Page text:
We tried to increase the absorbency of each nappy, but the inserts simply weren’t good enough. Adding extra absorbency meant that they were then very bulky, it became difficult to fit the nappy on our baby and even more difficult to fit onesies on her.

    Microfibre basically acts like a sponge, it absorbs liquid fast but when compressed, the liquid comes back out.

    This meant that we’d get compression leaks when our baby was strapped into the car with the buckle pressing against the nappy.

    It became clear that our chosen brand of nappies were not fit for purpose.

    Furthermore, we had tried to follow the recommended washing instructions the brand provided but we were left with stains

    Don’t get me wrong, they looked great, had cute little patterns and were priced reasonably. The biggest problem was the microfibre insert material which was causing the leaks and the fact the material didn’t hold the fluid very well under pressure.

    Luckily my wife wasn’t a quitter, rather than give up completely, she ordered a mixture of other brands to trial and we soon found things had improved using more premium brands that are made from better quality materials.

    Why I would never recommend a pocket nappy

    Preparing pocket nappies requires you to place an insert into a small material pocket of the nappy cover using your hands. I’m 6 foot 6 with large hands, and for me this was just about possible, but incredibly time consuming and carried the risk of ripping the nappy stitching.

    From our initial research, pocket nappies seemed like a good starting point for cloth nappy newbies, but had we known how fiddly the pocket stuffing process actually was, we never would have gone down this avenue.

    We soon found our ideal nappy setup, Snap & Go style nappies, also know as all-in-two (read our cloth nappy jargon buster to learn more), which are much quicker and easier to snap together compared to pocket nappies.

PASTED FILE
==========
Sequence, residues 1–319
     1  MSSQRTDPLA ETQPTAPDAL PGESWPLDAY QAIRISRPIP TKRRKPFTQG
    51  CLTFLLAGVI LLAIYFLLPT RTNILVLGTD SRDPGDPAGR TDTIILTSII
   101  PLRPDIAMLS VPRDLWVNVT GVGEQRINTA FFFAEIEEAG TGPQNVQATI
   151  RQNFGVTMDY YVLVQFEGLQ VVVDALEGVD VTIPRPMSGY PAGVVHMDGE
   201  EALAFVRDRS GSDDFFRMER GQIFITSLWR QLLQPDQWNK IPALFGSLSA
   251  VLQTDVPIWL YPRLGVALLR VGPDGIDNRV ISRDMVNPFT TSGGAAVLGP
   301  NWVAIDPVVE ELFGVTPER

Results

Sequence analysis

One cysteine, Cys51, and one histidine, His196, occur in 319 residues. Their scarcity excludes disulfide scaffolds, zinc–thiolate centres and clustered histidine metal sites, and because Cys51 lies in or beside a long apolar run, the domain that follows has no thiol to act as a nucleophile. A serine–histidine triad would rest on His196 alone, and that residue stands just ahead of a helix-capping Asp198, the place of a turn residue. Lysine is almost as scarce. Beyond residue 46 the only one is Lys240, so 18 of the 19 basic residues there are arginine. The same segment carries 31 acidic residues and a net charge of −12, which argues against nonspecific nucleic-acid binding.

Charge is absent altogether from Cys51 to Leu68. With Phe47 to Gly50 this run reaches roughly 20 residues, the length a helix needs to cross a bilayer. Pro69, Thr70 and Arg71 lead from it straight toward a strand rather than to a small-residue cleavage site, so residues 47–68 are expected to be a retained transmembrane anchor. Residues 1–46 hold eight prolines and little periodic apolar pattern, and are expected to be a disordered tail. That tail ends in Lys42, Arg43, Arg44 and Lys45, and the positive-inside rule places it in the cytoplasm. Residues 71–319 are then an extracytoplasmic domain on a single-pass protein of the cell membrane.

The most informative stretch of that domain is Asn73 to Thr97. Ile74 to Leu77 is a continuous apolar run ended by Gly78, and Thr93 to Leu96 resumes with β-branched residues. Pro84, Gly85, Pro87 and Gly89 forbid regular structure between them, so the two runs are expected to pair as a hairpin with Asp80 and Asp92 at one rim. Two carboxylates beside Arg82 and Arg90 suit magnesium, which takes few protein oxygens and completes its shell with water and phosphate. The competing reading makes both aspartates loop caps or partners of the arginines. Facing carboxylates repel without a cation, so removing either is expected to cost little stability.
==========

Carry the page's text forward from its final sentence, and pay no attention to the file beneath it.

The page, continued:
How to deal with number 2’s

    No one wants to be dealing with poopy nappies, but you take the good with the bad.

    As a parent, you are dealing with code browns on a daily basis. 

    They are unavoidable and you get used to it, irrespective of whether you are using cloth or disposables.

    We recently had a short stint of using disposable nappies for a camping trip, and I can confirm that number 2’s do not stay inside a disposable very well compared to cloth nappies.

    So either way, I can assure you that parenting means you’re dealing with poo, and you may as well save some money in the process.

    Plus, it’s actually much easier than it sounds. While the baby is small and breastfed, the nappies can go straight in the wash – when they’re older and eating solids, their poop is knocked into the toilet first.

    The bottom line

    Not all my dad mates are into using modern cloth nappies, and it’s not something we spend hours discussing, but I certainly feel proud knowing we’ve saved thousands and have reduced our environmental footprint in the process. 

    I want to make smart financial decisions for the family, and cloth nappies have been a great way to save money.

    I'm delighted we did it. In fact, it was so good and something we felt so passionate about in the end that we founded NappyLuxe.

    Our hope is to get more parents off to a successful start with cloth and to have a great experience using them.

    Ready to switch? Shop premium, easy to use cloth nappies now. 

    Want to learn more first? Start your cloth journey by reading our ultimate FREE cloth nappy users guide.


    March 22, 2022 — Barnaby Lassen